In the final lines of The School at the Chalet, Elinor Brent-Dyer drops a hint that further adventures are awaiting Joey Bettany and her friends. But when the book was first published, in October 1925, not even the author could have forseen that the adventures of her Chalet School characters were eventually fill more than sixty books, published over a period of 45 years, and be famous today as the longest series of girls' school-stories ever known.
During the years before World War II there were many stories about fictional schools outside Britain, but Elinor Brent-Dyer was the first author to use the Austrian Tyrol as a setting. Her inspiration for The School at the Chalet grew from an idyllic holiday she had spent, probably in 1924, at a Tyrolean lakeside village known in real life as Pertisau-am-Achensee. In the stories, Pertisau is renamed Briesau, and the lack becomes the Tiernsee. But many local places appear under their real names, including Seespitz, Gaisalm, Buchau, Seehof and Scholastika, and no one fortunate enough to have visited Pertisau, with its glorious setting high in the moutains above the Inn valley, could fail to recognise it in the early Chalet School stories.
That Elinor Brent-Dyer fell in love with the Tyrol, and with the Achensee region in particular, is reflected in the many affectionate descriptions of scenery, people and local customs that she gives in the early books; and a capacity for capturing something of the character and atmosphere of places was undoubtedly among her gifts.
Later in the series, the Chalet School was to change its location several times, leaving the Tyrol during The Chalet School in Exile; this book was written after Hitler's annexation of Austria in 1938, and the story, part of which relates the thrilling adventures of Joey and her friends during their escape from the Gestapo, shows an awareness of the real-life international situation at the time that was unusual then in children's fiction.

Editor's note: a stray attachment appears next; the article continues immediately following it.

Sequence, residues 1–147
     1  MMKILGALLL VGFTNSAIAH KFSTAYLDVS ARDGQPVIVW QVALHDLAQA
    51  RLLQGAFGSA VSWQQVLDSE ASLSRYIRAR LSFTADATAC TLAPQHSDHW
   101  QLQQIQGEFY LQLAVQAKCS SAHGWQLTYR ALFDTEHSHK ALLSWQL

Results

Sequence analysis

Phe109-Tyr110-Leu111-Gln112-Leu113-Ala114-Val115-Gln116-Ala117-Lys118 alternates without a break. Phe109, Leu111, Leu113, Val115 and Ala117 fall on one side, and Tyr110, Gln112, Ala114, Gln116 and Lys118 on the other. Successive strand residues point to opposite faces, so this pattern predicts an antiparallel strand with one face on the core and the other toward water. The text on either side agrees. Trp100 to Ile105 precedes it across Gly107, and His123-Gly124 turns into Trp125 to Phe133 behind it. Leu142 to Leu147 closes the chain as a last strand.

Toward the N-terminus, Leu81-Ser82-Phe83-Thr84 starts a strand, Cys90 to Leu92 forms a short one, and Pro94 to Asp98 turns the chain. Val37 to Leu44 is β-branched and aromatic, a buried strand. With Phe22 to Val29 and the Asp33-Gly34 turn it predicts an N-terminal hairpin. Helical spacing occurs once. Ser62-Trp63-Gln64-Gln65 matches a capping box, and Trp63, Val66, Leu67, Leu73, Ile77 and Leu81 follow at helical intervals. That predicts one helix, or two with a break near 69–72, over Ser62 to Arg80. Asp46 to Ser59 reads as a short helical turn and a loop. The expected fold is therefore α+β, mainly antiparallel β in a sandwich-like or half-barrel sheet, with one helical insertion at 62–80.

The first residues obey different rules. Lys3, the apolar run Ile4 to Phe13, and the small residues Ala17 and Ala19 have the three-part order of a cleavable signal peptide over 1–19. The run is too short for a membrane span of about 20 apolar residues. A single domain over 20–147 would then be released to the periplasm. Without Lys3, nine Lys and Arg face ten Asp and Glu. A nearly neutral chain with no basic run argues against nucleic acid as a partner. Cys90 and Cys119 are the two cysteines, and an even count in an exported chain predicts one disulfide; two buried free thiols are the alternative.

Over the years, the Chalet School gradually acquires many new characters, both staff and pupils, but most of those first introduced in The School at the Chalet remain important throughout the series. Madge, Grizel, Gisela, Juliet, Simone, Margia, Bernhilda and Frieda are among those who reappear regularly; while Joey Bettany continues, right to the end, to play a leading role, despire being by then grown-up, married, a well-known author and mother of a large family! Links with the school are also maintained by Joey's many daughters and those of countless other former pupils, who all eventually turn up at the Chalet School, while some members of staff remain from the school's earliest days until the final book.
Many readers have come to look on the Chalet School characters as personal friends; and it seems that Elinor herself, in the course of writing the long series, began to identify closely with Joey. For although she differed greatly in appearance from Joey - being neither black-haired nor slender - and lived a very different, far less adventurous life, there are strong indications that much of Elinor's personality was unconsciously absorbed into her favourite heroine. As put by a friend who knew Elinor for more than forty years: "Joey was Elinor as she would like to have been."